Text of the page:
Saving Face on Facebook

by Zach Pitts

Since its creation in 2003, the online social networking site Facebook (www.facebook.com) has become a hit among college and high school students. Those who sign up for a free account can list all kinds of information about themselves and even post pictures. The site can be a fun and easy way to keep in touch with old friends and make new ones as well. However, many users are not aware that other people may be accessing this information. Increasingly, employers have been using Facebook as a tool for researching potential job applicants.

Tim DeMello owns Ziggs, an internet site that allows people to create an online business-oriented profile. When asked if he does an Internet search for online profiles when he's deciding which applicants to hire, DeMello replied, "Of course. Everybody does." He estimates that as much as 20% of companies investigate online profiles at some point in the application process (alfonsi, 2006). Warren Ashton, group marketing manager at Microsoft, said researching students through social networking sites is "becoming very much a common tool...you suddenly have very public information about almost any candidate" (Finder, 2006).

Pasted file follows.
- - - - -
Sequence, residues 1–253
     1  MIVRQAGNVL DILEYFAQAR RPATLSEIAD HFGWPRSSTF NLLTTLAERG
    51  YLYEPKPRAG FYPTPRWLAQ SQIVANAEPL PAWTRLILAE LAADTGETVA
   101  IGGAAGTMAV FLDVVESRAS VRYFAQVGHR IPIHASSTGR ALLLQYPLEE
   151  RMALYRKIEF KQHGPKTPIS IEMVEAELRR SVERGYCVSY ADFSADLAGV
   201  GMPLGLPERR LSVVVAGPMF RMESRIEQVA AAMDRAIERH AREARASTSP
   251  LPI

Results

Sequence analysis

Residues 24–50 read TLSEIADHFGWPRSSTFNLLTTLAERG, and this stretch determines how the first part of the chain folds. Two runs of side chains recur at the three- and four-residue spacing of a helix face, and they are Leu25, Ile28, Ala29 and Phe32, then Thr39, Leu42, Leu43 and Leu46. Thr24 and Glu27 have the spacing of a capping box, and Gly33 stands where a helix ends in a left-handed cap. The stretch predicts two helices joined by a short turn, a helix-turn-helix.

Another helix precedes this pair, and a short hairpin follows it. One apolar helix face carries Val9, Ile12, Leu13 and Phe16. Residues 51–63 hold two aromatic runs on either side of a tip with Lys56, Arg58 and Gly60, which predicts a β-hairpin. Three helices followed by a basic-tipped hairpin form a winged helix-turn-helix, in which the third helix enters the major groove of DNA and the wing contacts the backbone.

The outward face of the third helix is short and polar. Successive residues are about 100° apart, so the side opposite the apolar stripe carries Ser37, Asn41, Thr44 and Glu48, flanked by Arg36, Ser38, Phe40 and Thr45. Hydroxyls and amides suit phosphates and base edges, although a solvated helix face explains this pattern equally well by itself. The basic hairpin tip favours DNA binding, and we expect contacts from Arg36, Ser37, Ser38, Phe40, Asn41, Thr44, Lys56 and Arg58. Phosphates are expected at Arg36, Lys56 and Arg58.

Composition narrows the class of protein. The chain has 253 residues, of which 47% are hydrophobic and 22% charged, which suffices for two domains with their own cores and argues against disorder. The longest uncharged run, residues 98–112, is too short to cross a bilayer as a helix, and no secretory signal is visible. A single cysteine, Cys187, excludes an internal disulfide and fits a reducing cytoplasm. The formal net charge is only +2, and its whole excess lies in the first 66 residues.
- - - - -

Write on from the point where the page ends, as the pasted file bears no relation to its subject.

Chris Hughes, the co-founder of Facebook, argues that although reports of employers using Facebook for research purposes are increasing, it is quite unlikely that the right circumstances exist to allow this to happen.

Several factors would have to line up to make [employers seeing profiles] possible. First, the employer would have to be a graduate of the particular school that the interviewee is attending. Second, that particular school would be able to distribute e-mail, via educational e-mail addresses, to its alumni. Finally, the individual undergrad would have had to configure her privacy settings to specifically make her profile available to alumni. The likelihood that all three of those factors will line up makes the chances of this happening low (Cole, 2006).

It is not necessarily employers themselves who will do the research. Sometimes companies will ask college students working as interns to perform online background checks (Finder, 2006). Carl Martellino is the Career Development Office Director at Pomona College in California. He said that, "Many employers also hire outside search agencies to do these background checks" (Hsiao, 2006). And now that Facebook has been opened up to organizations other than schools, employers have another potential route to view applicants' profiles. The point is clear: if an employer really wants to see your online profile, they will find a way to do it.